Jenny-Marie Johnsen



Small Projects Tromsø, The Crisis of the Horizon.


The Crisis of the Horizon is an exhibition of lens-based media art including animation, photography and expanded cinematic works, exploring the way aerial views and satellite views provoked a structural modification in the regime of vision, leading to a shift in the human behavior toward the environment.

Agnieszka Polska
Emilija Škarnulytė
Jenny-Marie Johnsen
Simon Faithfull

Exhibition dates: 19.01 – 31.01.2018

Curated by Vanina Saracino


For centuries, the straight line of the horizon has been an unquestionable reference for direction and orientation, as well as the main reference in the linear perspective, a foundational paradigm of representation in art history. But the line of the horizon is blind to the curvature of the Earth.

By providing an evidence that seemed incontestable and yet contradicted the most direct perception of a linear horizon, aerial views and views from outer space proved of fundamental importance in provoking a radical shift in our ways of seeing and perceiving space. With the invention of aircrafts we have become endowed with the bird’s-eye view, which also revealed to what extent the environment had been brutalized by the human activity and by the reckless expansion of mega-metropolitan areas (Le Corbusier, Aircraft); with the development of spaceflight technologies, views of the Earth from outer space became soon available, unequivocally proving the isolation of the planet, the fragility of its balance and the interconnectedness of the planet’s ecosystems (Carl Sagan, Pale Blue Dot). The first images of the full Earth in colours were transmitted from the Apollo 8 mission in 1968, and watched by approximately 570 million people, in an event that shook the anthropocentric perspective and raised a collective awareness toward the environmental crisis.

If aerial views showed us that any thoughtless human practice would sooner or later constitute a local environmental problem, views from outer space went one step further, providing the evidence that there is no such thing as a local environmental problem.

Without forgetting that aircrafts and spacecrafts are also leaving massive carbon footprint behind their flights, highly contributing to inject carbon dioxide into the atmosphere, the aim of this exhibition is to address the shift in our scopic regime and awareness that was produced by aerial views and views from outer space throughout history and until today.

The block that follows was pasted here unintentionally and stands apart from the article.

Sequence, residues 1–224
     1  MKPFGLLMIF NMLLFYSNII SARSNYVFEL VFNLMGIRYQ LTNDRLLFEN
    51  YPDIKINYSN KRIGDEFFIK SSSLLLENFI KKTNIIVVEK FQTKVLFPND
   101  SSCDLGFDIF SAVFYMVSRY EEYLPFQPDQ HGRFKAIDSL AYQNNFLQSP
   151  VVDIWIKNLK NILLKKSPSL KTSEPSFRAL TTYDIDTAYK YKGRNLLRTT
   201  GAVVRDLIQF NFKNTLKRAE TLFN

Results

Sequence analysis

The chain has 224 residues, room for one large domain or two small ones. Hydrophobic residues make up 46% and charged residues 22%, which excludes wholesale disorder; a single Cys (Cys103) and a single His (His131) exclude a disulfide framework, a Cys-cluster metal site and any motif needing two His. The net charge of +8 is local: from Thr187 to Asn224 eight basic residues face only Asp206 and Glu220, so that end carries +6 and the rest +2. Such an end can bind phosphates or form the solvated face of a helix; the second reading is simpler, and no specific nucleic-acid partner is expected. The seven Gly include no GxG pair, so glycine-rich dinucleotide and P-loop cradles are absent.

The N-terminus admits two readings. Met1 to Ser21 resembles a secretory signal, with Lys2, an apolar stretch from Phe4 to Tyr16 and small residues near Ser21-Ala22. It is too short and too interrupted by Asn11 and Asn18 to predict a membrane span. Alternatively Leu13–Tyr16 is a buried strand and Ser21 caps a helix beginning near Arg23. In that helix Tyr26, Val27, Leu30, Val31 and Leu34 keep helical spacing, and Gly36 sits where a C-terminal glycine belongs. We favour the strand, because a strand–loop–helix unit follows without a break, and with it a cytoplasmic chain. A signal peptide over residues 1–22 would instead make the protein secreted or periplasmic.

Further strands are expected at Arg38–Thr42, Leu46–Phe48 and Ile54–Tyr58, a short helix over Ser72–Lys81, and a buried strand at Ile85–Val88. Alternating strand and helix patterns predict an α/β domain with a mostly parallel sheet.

With works by Agnieszka Polska, Emilija Škarnulytė, Jenny-Marie Johnsen and Simon Faithfull.




Nordlysfestivalutstillingen, Kulturhuset Tromsø

27. 1. – 4. 2. 2018


Thor Erdahl

Myriam Borst

Jenny-Marie Johnsen

Curated by Kristin Josefine Solstad Kunstsentralen Nord




Nordic Contemporary Art Center in Xiamen, China

5.4. – 20.5. 2018

Curated by Else Marie Bukdahl

The interplay between the local and the global

The five Nordic countries; Iceland, Norway, Sweden, Finland and Denmark have, since they became independent states, had many shared cultural characteristics, One of the most significant is the interplay between the local and the global. This interplay was developed as early as the Viking Age, which spanned from late 8th century to the mid-11th century. The vikings, who were roving young men, travelled around Europe and also reached beyond its borders. They were often warlike, but were also interested in the many foreign cultures that they encountered, which they transferred to their own countries. This meant that their own cultures were constantly provided with new cultural inspiration. The interplay between the local and the global created a series of diverse, intersecting traces, which became the foundation of a flourishing culture. All five countries have been very conscious that, if one worked exclusively with profiling the local or national culture, it would atrophy from lack of developmental opportunities. If, on the other hand, one concentrated solely on the global, one risked losing an independent cultural identity. This is because an identity of this kind arises precisely as a result of the interplay between the local and the global, or between the national and the international. This interplay has also, more or less clearly, characterized the development of art and contemporary art in the five countries. This is often seen as visual dialogues with the art of earlier eras, for example the sculpture of the Antiquity, Roman sculpture, Baroque art such as Bernini’s, Romantic art, like the works of the painter Caspar David Friedrich, or the sculpture of the 19th and 20th centuries, like works by Rodin and Louise Bourgeois. But inspiration could also come from the breakthroughs of the modern era, both in figurative and nonfigurative art. Artists have incorporated these dialogues and sources of inspiration into their artistic visions and in their diverse artistic activities.


This interplay between the local and the global can also be located many labyrinthine traces in the works created by the artists participating in the Nordic Center in Xiamen in March 2018. But the different forms of inspiration that the artists have gained from their travels in China can also be seen in many of the works.


Opening:         3rd, 4th or 5th April 2018

Participating artists are:

Jenny Marie Johnsen (Norway)

Nils Viga Hausken (Norway)

Marit Benthe Norheim (Norway)

Richford Ekholm (Finland)

Hjördis Haack (Sweden)

Pontus Kjerrman (Sweden)

Vibeke Glarbo (Denmark)

Claus Ørntoft (Denmark)

Ib Monrad Hansen (Denmark)

Tine Hecht-Pedersen (Denmark)

Tine Jacobsen (Denmark)

Hans Pauli Olsen (Denmark)

Architect Holger Grue, architect and photographer Tine Grue and art historian d. phil. Else Marie will be creating activities associated with the exhibition.